In order to generate randomness, an on-chain pseudorandom number should be unpredictable, bias-resistant and publicly verifiable. By implementing a threshold BLS digital signature, Anoma is able to generate a pseudorandom number that satisfies those requirements.
Randomness is used for many applications in blockchain technology. For instance, it is used to generate private keys, and select a block producer (for some proof of stake blockchains), and for decentralized gambling or gaming applications, etc. In the context of blockchains, randomness can be classified as on-chain randomness (randomness accessible to the state machine) or off-chain randomness (randomness not directly accessible to the state machine). On-chain randomness and off-chain randomness are different and achieve distinctive tasks. They can also be combined to complement each other.
As computers are deterministic devices, it is impossible to generate a true random number without an external data source, therefore a pseudorandom number is used. A pseudorandom number looks indistinguishable from a true random number, such that an adversary can not distinguish if a number has been created randomly or via a pseudorandom number generator. Pseudorandom number functions are deterministic, i.e. given the same input, they will always produce the same output. To be suitable for generating randomness on blockchain, the pseudorandom number should have certain properties:
- Publicly verifiable: anyone should be able to check that the pseudorandom number was properly produced.
- Unpredictable: no one can predict the next pseudorandom number.
- Bias-resistant: no one should be able to bias the generation of the pseudorandom number in any way.
As we will see in the next section, the process to generate a pseudorandom number on Anoma has been selected to satisfy these constraints.
Randomness on Anoma
The process used to generate randomness on Anoma is a combination of various approaches described in different research papers (see f.i. pragmatic signature aggregation with BLS, short signatures from the Weil pairing, and Threshold Signatures, Multisignatures and Blind Signatures Based on the Gap-Diffie-Hellman-Group Signature Scheme). The setup phase consists of a distributed key generation (DKG). This DKG is then combined with a Boneh-Lynn-Shacham (BLS) digital signature process to produce a threshold BLS digital signature. On a high level, each participant will create signature shares. By communicating between them, participants gather different signature shares from each other. As soon as a participant collects enough signature shares (to meet the threshold), they are able to aggregate them to produce the signature. This signature will then be verified (using the public key generated during the DKG). If it is correct, this signature will be hashed, and this hash will be the pseudorandom number. This process allows us to achieve pseudorandomness with a threshold defined by the algorithm. As no one knows the signature beforehand (as it is only determined once the threshold is met), no one knows the pseudorandom number beforehand.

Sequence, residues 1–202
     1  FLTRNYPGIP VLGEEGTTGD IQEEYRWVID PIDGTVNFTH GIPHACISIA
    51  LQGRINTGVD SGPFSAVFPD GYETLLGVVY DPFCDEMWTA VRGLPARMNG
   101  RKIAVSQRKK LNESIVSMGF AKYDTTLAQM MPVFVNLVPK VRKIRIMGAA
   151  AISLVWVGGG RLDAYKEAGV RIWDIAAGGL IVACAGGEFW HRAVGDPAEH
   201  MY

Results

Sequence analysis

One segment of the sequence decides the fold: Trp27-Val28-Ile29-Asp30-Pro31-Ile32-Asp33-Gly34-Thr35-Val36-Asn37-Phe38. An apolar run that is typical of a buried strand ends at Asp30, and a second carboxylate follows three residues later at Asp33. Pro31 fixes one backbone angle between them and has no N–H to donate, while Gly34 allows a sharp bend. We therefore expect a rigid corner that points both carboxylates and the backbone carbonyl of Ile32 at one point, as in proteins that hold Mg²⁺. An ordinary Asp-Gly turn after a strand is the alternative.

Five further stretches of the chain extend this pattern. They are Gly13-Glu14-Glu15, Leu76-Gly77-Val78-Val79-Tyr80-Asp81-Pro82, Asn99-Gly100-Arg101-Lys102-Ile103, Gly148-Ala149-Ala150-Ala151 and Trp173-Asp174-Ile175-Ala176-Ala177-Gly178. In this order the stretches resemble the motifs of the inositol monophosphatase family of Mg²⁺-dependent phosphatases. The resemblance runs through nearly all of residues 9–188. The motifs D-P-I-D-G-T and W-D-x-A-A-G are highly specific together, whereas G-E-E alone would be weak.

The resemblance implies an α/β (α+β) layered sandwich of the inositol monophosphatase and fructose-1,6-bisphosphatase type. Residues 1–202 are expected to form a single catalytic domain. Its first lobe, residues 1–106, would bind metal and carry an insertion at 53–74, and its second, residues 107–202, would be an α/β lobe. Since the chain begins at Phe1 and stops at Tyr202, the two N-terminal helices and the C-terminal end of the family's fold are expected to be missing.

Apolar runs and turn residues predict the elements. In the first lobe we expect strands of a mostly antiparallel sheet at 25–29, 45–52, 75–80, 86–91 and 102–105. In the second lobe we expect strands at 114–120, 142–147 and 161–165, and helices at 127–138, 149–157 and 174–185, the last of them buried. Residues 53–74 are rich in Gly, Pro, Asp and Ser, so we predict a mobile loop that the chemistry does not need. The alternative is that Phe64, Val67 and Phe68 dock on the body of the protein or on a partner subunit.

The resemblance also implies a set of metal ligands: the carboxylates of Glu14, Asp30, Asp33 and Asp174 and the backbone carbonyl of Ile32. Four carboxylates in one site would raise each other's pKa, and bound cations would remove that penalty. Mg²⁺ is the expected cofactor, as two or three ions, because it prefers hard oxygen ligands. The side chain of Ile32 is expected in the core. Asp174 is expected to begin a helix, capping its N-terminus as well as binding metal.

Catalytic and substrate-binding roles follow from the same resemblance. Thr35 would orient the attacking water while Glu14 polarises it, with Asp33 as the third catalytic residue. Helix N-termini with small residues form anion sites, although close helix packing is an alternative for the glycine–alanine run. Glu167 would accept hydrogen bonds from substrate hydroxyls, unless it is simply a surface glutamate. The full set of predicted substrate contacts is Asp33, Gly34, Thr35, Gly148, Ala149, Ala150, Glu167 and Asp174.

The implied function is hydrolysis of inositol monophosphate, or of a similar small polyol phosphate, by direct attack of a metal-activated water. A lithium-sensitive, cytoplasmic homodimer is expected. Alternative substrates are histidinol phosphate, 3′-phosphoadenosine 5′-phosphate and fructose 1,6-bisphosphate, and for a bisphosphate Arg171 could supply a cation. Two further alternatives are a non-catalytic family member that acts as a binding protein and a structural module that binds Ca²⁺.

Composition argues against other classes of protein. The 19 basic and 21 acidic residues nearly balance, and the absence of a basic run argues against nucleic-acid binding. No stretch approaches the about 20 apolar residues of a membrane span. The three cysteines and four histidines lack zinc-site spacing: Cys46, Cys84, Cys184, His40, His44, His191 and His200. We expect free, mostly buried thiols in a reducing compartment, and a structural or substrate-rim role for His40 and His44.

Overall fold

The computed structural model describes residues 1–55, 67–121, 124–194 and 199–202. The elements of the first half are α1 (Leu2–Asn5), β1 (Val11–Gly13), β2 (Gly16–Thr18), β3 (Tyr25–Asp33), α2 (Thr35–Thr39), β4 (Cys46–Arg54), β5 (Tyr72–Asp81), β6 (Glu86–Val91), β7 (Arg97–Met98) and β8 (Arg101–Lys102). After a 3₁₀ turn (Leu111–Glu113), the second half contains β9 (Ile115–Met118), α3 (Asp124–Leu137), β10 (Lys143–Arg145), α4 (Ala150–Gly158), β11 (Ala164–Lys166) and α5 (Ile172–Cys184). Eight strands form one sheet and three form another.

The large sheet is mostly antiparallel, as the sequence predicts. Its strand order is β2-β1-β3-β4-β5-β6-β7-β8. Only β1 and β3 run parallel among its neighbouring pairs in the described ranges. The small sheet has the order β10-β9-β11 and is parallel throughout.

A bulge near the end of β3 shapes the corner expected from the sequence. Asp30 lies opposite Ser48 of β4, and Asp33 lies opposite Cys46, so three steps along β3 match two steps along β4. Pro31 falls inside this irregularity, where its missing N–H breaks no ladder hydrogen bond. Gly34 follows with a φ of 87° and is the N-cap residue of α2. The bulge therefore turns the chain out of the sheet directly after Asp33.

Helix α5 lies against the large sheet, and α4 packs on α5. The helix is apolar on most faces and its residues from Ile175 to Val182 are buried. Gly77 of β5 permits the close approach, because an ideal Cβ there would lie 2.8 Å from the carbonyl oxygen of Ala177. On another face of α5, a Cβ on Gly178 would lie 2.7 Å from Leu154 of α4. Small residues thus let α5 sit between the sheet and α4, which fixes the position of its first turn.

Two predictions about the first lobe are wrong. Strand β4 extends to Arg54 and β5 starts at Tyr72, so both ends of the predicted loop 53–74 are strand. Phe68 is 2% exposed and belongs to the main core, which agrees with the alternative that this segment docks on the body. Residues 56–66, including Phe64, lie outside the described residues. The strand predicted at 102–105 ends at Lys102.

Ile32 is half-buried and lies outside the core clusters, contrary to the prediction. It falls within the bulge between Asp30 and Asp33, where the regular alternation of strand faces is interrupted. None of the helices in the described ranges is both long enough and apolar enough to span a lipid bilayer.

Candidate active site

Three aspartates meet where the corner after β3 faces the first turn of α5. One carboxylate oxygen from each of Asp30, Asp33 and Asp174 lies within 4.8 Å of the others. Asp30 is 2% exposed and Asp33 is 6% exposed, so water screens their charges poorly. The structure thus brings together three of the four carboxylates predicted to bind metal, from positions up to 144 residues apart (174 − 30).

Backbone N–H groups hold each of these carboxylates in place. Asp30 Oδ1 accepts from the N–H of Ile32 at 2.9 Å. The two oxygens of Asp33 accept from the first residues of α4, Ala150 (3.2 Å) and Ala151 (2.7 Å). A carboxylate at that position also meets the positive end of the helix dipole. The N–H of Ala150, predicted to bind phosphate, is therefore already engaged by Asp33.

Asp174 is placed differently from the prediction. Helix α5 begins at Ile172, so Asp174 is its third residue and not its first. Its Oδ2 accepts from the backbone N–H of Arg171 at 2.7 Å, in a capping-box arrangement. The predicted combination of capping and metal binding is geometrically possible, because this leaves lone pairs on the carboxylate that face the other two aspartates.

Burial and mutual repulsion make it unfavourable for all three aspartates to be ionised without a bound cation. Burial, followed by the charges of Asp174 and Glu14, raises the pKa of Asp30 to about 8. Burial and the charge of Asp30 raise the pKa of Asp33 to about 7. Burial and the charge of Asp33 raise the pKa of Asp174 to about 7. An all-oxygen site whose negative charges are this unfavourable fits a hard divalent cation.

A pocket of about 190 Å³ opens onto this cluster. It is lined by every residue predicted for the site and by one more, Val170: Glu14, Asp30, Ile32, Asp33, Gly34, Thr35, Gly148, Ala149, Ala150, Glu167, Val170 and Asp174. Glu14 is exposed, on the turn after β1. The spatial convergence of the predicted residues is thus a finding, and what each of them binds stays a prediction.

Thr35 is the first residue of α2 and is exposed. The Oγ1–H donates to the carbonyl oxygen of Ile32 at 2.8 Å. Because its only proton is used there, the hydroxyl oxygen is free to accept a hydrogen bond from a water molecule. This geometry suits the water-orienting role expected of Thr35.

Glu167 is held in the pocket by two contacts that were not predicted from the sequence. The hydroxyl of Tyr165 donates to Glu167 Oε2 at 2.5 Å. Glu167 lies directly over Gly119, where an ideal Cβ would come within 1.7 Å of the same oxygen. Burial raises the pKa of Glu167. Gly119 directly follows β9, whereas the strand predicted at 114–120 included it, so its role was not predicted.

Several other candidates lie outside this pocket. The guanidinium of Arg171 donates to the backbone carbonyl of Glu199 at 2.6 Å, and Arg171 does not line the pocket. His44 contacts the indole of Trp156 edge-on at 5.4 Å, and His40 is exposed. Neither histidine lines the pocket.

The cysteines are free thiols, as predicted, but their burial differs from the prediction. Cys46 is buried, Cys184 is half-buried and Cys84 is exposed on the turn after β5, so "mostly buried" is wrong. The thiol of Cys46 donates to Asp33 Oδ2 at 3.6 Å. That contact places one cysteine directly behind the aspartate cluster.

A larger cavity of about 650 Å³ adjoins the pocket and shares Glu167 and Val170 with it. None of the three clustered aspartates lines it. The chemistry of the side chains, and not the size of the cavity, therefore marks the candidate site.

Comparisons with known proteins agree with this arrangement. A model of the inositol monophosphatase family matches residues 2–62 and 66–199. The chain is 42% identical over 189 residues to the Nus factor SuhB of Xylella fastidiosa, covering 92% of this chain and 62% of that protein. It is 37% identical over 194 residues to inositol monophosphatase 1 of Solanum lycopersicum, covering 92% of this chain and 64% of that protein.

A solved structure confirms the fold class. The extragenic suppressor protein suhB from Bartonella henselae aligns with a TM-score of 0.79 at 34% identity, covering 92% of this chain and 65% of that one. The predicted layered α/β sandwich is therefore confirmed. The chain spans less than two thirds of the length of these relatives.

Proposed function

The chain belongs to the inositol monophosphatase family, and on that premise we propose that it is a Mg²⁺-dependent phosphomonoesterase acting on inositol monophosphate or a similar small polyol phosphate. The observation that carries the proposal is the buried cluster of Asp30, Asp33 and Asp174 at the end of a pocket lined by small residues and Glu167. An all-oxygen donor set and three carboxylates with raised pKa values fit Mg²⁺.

In order to understand how this pseudorandomness is achieved, we will have to dive deeper into the cryptographic principles underpinning this methodology. The following is not meant as a crash course on these principles, but rather a small initiation to help you grasp the concepts on a high level. Note that some of those concepts have already been discussed in more detail in the first article on Anoma’s blog. If you are already familiar with DKG and BLS digital signature, feel free to skip the following sections and jump straight to the last section.
Shamir Secret Sharing
Shamir secret sharing was created by Adi Shamir, and is a way to secure a secret by distributing it among multiple participants. It is built upon polynomial interpolation over a finite field. In other words, given a set of points, one needs to discover the polynomial of the lowest possible degree that passes through those points. In order to interpolate a polynomial, one needs to receive a sufficient set of values. For instance, if the polynomial that someone needs to interpolate is a linear function (i.e. , with the secret being ), and they receive only 1 set of values , they will not be able to interpolate this linear function. Indeed, they need at least two different sets of values (e.g. and ) to be able to interpolate this linear function and find the secret value , as seen below.
Fig 1. In order to interpolate a function of degree 1, one needs at least two different sets of values. Thus, by plotting two sets of values (e.g. and ), one is able to interpolate the linear function and find the vertical intercept (i.e. the secret).
The set of values is usually referred to as shares, while the minimum number of shares needed to interpolate the polynomial is referred to as the threshold. More generally, a polynomial of degree is defined by coefficients. Thus, to interpolate a polynomial of degree , one needs at least shares (e.g. (,); (,) ⋯(,) ), with no two equal). The interpolation of a polynomial is done using Lagrange interpolation. The basic idea is similar to the example provided above. So, if you understand this concept, feel free to skip the example below.
Let us assume that Victoria wants to distribute her secret among 6 people, and would like the threshold to be 3 (i.e. the secret can be found only if someone gathers at least 3 different shares). Therefore, the polynomial to interpolate will be of degree 2 (as ). Suppose that Victoria’s secret is 1234 and she randomly selects the two other coefficients, she obtains the following polynomial:
Victoria will then create 6 shares (f.i. ). She will then distribute the following 6 shares to 6 people:
In order to interpolate this function, someone needs to know at least 3 shares among the 6 that were provided by Victoria. Let us assume that someone gathers the second, third, and fifth share. Using Lagrange interpolation, this person will get (with ; ; ):
Using 3 shares and the Lagrange interpolation, that person was able to retrieve Victoria’s secret (i.e. 1234).
Distributed Key Generation
One disadvantage of Shamir Secret Sharing is that one needs to trust the dealer (i.e. the one distributing the shares). The dealer could distribute the wrong shares to some people creating friction in the group, or use their knowledge of the secret to their advantage (as they know the secret before anyone else). A distributed key generation (DKG) alleviates these disadvantages as it enables multiple parties to share a secret without relying on a trusted third party. The DKG used on Anoma is similar to multiple instances of Shamir Secret Sharing running in parallel. The secret to be found is the sum of all the individual secrets (i.e. ). For instance, let us assume that Alice, Bob and Charlie each create a polynomial of degree 1 (i.e. Alice will create , Bob , and Charlie ). At that stage, none of them know the secret , they only know part of the secret (i.e. Alice knows , Bob , and Charlie ). Each participant will create at least two shares and distribute them among their friends (represented as dots in figure below). By communicating to each other, they will be able to interpolate the different functions and find the secret (as seen below) functions and compute the secret .